Founded in 1901 as one of the first publicly-funded galleries for temporary exhibitions in the capital, Whitechapel Gallery is a free gallery, located right next to Aldgate East tube station, east London.
The striking building was designed by Charles Harrison Townsend, and the gallery enjoyed a major refurbishment in 1986 with further work in 2009 seeing the adjacent Passmore Edwards Library being incorporated into the space.
This effectively doubled the physical size of the Gallery and nearly tripled the available exhibition space.
Situated in darkened room, Current Disturbance is a piece by British-Palestinian artist Mona Hatoum and is made up of stacked wire cages and flickering light bulbs.
The lights all flicker on and off together to the sound of a loud and rather unnerving buzzing noise. I wouldn’t want to spend too long in the room, but I rather liked it.
The exhibit is at the gallery until 6 March 2011.
With all the lights, the darkness and the discordant buzzing it was a bit like being at an industrial minimalist techno party.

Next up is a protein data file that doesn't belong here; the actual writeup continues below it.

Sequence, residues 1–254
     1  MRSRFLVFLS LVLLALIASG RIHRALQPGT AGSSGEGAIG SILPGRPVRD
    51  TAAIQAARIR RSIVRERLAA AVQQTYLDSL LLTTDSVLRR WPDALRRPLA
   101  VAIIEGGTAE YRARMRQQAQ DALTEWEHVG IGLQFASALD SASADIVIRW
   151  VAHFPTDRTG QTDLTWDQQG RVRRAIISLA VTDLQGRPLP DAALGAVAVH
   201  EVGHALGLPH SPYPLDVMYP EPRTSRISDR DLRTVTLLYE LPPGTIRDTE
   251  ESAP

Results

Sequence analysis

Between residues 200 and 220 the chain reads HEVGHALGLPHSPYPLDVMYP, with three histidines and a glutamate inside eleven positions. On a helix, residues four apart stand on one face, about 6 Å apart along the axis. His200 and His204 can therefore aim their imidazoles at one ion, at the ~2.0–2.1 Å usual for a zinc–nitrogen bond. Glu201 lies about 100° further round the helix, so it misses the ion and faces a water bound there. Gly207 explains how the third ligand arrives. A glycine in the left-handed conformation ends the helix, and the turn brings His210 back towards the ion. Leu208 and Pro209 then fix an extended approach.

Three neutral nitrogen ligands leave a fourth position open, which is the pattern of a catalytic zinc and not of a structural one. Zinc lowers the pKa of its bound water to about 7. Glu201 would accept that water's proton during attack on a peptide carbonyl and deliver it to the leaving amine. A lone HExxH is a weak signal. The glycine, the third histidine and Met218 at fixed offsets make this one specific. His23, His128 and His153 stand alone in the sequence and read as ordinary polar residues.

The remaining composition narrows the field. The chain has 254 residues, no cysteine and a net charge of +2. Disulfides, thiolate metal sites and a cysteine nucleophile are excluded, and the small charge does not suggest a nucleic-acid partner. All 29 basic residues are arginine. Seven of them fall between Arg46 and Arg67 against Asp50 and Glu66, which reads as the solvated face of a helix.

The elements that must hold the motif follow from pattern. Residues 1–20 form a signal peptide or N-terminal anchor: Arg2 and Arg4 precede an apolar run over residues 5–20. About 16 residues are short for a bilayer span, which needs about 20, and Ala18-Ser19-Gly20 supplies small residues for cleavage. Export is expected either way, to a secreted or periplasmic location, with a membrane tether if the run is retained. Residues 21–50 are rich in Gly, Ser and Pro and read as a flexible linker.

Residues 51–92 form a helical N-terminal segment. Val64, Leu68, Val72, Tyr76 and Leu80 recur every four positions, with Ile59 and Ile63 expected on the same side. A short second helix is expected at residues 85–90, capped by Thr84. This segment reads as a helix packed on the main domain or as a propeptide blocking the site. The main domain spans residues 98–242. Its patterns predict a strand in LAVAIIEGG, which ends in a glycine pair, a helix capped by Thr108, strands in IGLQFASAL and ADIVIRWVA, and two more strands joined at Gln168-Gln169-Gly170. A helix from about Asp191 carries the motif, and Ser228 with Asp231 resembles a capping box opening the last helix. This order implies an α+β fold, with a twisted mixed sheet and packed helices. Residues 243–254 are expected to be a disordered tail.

Richard Wentworth’s, A Confiscation of String, “explores ideas of currency, exchange and the treasure in a cabinet containing examples of string, both natural and manmade, brought to the Gallery by manufacturers, artists, collectors and hobbyists.”
There’s a rather splendid cafe at the Whitechapel Gallery that’s a bit like our old central London favourite, the Photographers’ Gallery.
It’s rather hidden away though, and you have to navigate a circuitous route upstairs and around the back of the building to find the place. But it’s worth it.
We certainly prefer it to the posh new ‘Dining Room’ be the entrance.
The gallery is right next to Aldgate East tube station.
Waiting for the tube home.
The gallery is open all the year round, and it’s free to get in.
77-82 Whitechapel High Street